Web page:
If you look at employment as a game, then we currently have a Nash equilibrium where the employees know that they won’t get paid more working for the same company, because that is the best strategy for the company. Therefore the best strategy for the employee is to minimize their effort without getting fired and while showing little if any productivity gains.

That’s to me is key reason why I think we have the productivity paradox.

I would add that the reason this is a paradox is because no one wants to admit that this is happening. It seems like a failure on both the employers and the employees side. The employee wants to be seen as a good worker and the employer doesn’t want to admit it could be paying more. Instead technology is brought in to solve an organizational problem, which is something technology cannot do.

(Chart from Business Insider).

 

 

Foodism and the problem with home-cooked meals

I was prepared to argue with this article in Vox from some time ago: The problem with home-cooked meals , because I am a big proponent of such meals.  However, the closer I read it, I think the main issue I have with it is the title. If it was titled “The difficulties in preparing home-cooked meals”, I would have been more receptive. Read the article. If you are a foodist like myself, it might seem hard to understand at first that people have difficulties with home-cooked meals, but like many things, the difficulties arise from lack of time, knowledge, and resources (money but also access to good food, even if you have money).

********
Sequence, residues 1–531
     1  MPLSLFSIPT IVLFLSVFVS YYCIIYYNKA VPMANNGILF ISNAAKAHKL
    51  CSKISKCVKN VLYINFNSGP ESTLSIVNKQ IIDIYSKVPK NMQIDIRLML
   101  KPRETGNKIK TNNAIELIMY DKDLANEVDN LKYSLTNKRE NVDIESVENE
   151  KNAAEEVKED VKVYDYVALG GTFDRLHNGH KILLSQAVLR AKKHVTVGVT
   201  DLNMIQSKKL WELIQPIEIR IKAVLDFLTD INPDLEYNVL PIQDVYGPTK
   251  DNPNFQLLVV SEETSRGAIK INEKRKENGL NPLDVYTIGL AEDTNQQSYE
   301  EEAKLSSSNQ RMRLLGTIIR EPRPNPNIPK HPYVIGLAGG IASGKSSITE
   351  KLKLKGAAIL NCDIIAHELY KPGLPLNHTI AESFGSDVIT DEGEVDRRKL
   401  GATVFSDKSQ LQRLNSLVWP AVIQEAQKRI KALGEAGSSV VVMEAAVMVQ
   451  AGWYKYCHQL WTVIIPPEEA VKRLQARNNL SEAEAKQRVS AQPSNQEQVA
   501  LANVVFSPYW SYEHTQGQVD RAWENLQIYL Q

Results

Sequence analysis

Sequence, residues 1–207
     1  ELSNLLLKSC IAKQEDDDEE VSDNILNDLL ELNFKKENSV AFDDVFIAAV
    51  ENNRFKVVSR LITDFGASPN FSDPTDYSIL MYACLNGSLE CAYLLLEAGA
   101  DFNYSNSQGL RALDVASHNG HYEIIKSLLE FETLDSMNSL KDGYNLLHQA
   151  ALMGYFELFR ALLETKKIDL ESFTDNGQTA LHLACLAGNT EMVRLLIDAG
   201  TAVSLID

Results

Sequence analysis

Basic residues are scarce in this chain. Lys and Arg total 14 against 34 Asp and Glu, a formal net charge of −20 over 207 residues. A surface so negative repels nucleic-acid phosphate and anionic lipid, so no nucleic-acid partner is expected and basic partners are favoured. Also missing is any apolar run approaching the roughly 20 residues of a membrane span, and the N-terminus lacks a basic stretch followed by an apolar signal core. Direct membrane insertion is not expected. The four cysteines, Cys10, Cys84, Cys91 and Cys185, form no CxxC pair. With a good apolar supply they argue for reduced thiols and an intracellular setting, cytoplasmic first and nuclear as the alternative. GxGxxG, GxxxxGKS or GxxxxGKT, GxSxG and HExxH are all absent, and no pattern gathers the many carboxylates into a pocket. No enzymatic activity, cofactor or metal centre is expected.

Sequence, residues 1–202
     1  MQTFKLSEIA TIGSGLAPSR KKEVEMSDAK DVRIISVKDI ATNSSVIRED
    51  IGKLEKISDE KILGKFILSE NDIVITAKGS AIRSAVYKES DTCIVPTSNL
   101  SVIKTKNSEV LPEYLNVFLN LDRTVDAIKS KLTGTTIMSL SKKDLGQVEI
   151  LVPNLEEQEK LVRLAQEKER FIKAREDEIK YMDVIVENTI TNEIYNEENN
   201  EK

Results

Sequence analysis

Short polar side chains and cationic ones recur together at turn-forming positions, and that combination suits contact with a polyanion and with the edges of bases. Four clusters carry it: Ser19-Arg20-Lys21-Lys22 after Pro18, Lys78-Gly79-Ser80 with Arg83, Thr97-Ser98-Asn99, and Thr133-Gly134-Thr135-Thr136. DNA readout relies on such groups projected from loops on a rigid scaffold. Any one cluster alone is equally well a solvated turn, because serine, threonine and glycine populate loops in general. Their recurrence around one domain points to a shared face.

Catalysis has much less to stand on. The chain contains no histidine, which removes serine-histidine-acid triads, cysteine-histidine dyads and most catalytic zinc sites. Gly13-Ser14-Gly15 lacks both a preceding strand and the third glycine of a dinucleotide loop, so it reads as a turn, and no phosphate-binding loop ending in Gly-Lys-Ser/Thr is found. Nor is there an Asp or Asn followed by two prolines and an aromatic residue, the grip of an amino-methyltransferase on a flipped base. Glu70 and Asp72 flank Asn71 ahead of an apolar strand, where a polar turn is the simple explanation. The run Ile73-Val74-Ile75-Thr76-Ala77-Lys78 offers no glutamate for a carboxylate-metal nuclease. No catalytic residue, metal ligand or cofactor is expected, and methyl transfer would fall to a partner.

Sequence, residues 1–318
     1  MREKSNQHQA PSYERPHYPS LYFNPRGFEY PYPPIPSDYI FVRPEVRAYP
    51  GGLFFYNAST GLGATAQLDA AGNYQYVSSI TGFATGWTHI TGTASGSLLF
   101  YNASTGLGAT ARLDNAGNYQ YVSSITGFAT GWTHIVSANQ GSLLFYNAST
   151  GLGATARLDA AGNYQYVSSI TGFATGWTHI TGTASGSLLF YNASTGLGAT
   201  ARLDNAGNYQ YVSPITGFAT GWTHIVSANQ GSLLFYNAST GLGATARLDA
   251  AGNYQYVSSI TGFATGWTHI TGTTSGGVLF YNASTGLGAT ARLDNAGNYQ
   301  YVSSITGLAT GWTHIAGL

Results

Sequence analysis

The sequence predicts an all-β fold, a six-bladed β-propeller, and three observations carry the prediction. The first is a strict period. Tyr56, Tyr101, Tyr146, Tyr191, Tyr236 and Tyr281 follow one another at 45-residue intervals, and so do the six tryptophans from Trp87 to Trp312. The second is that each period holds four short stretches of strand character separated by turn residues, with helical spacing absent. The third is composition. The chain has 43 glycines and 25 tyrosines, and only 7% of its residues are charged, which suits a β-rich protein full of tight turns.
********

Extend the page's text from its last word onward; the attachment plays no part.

I believe that there are a number of ways to address those difficulties. First, I think city governments need to treat access to food the same way they treat access to other things such as transportation, water, parks and even sunlight. If housing doesn’t have access to water or electricity or transportation, then developers shouldn’t be allowed to build it and people should not be expected to move there. Access to good food should be part of that set of restrictions.

Second, we need to better educate people on how to prepare food.  Too much of our education system is spent on academic topics. Kids should be taught a wide range of subjects, and one of those should be how to prepare food no matter how much time or a budget you have. (They should also be taught how to manage finances, how to do basic home repairs, and how to deal with personal difficulties, among other topics.) There is a wealth of information available on food preparation, but often to me it seems aimed at foodists and is aspirational. There’s nothing wrong with aspiring to make good food. In addition, though, people should learn how to make straightforward nutritious food, with anything from 2 ingredients on up, with or without a recipe, in 2 minutes or over 2 days.

Third, we need to change our emphasis on a form of eating. There is a belief that some North Americans have that home cooked meals should be prepared and eaten a certain way. Often this certain way involves 30 minutes to an hour of food preparation followed by an equal amount of time eating it. Culturally that may have been the way it was done, but there is nothing that says we must continue to eat that way. You should be able to prepare and eat good meals with the resources you have.  If that means a 5 minute preparation and a 5 minute stand up meal, so be it. Better that than 30 minutes spent eating over processed food in a chain restaurant.